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Boost Your Business : An Expert's Tips

Michael Walsh. Twenty years business assessment and marketing counsellor for the Federation of Master Builders and Guild of Master Craftsmen (UK)

08 October 2011 @ 13:16

Like most blokes I am attracted to cars; not just shopping trolleys but the real head-turners. This week I read a review of a top carmaker’s latest marque. I wish I hadn’t bothered. The picture said it all but I anyway decided to read what was written about it. I have been a driver for over forty-years. I am literate in the English language but to be honest, by the time I reached the last paragraph, I realised I didn’t understand a damned word of what the reviewer was on about.

There was plenty on 380PS (280kW) and 332lb ft (450Nm) and I now know it can sprint to 62mph (I live in Europe) in 4.4 seconds. The rest of it was in similar vein. It is powered by a hybrid powertrain. You understand? Neither do I.  It was hi-tech gobbledygook. An exciting read I am sure for an F1 mechanic but for your average Joe it was incomprehensible.
One of the first things I learned in selling was K.I.S.S. Keep it Simple, Stupid. Time after time I have seen sales lost because the ‘salesman’ speaks in a language perplexing to the customer; that’s the guy with a glazed expression on his face.
When just ten-years of age, which is over fifty years ago, I recall a billboard advertisement for the same manufacturer’s car; a previous model of course.  It showed a picture of a Jaguar car with the words words: ‘Grace, Space, Pace.’  Those three simple words said it all; I still remember it all these decades on. That is what I call effective advertising.
I was a teenager when I opened up a copy of LIFE Magazine. For those old enough to remember, LIFE magazine was America’s most iconic periodical. A single page advertisement must have cost an arm and a leg.  I was puzzled for a page was completely empty.  I then spotted a sentence at the bottom of this blank page: ‘We were about to show you a picture of our millionth Volkswagen but we are sorry, we have just sold it.’ How many Volkswagens have been sold since?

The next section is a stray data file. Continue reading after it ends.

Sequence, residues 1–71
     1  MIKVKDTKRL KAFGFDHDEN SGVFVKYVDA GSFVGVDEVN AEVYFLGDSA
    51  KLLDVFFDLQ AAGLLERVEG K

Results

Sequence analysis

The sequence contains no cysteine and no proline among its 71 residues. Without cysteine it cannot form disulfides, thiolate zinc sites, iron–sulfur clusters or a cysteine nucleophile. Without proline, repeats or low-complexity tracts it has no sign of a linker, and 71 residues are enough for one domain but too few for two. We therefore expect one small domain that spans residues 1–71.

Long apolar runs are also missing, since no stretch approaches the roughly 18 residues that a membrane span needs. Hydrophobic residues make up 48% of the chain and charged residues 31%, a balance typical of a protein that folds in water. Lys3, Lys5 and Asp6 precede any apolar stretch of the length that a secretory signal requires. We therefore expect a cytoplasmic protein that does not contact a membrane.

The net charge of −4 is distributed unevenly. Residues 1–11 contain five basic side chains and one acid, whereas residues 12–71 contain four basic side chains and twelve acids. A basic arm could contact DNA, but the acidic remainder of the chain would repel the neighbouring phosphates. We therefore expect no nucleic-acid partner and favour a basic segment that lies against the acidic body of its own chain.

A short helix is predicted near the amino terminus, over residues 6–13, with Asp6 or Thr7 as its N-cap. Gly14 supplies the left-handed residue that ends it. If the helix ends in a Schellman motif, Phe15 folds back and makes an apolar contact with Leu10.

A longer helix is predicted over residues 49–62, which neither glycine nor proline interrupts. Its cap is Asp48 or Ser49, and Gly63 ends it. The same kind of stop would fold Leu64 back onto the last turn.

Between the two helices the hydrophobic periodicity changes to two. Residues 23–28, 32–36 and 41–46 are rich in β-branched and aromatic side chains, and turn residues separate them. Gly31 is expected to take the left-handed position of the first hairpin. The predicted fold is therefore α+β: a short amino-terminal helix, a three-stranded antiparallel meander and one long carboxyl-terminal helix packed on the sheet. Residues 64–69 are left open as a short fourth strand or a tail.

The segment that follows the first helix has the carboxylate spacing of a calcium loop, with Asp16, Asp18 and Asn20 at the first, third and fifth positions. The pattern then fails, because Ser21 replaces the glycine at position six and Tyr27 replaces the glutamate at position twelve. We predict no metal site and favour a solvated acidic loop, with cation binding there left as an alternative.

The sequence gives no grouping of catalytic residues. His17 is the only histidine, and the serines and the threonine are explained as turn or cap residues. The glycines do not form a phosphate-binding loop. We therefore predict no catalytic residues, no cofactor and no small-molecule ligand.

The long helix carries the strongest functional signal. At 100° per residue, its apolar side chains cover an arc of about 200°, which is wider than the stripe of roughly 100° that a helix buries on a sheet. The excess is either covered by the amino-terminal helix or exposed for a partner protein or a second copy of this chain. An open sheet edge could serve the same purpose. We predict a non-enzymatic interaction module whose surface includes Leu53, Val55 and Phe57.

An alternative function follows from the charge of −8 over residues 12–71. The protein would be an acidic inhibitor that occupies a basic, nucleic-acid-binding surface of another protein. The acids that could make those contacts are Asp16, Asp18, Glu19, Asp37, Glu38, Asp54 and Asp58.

On the other hand I see so many advertisements that have only one purpose; enriching the newspaper’s publishers. Don’t blame them; within the law they simply carry out their customers’ wishes but their advertising personnel will be happy to offer advice. They want your advertisements to work. However, they are newspapers; they are not sales and marketing schools.
It is down to you to give some thought to your advertisement’s USP. What are USPs? Am I talking gobbledegook now? A USP is an acronym for ‘Unique Selling Points.’ They are any selling point that separates your business from your competitors. It is no point in repeatedly saying yours is the best or the cheapest restaurant in town. Every restaurant claims that dubious accolade. It is a cliché, nothing more.
It is an insult to the intelligence to advertise ‘free estimates’ when the customer knows you are desperate for an opportunity to quote. Speak your customers’ language; keep it simple and honest. Outline the benefits engagingly and you will not have to sell on price. Remember; if people bought on price they would all be running around in Ladas.

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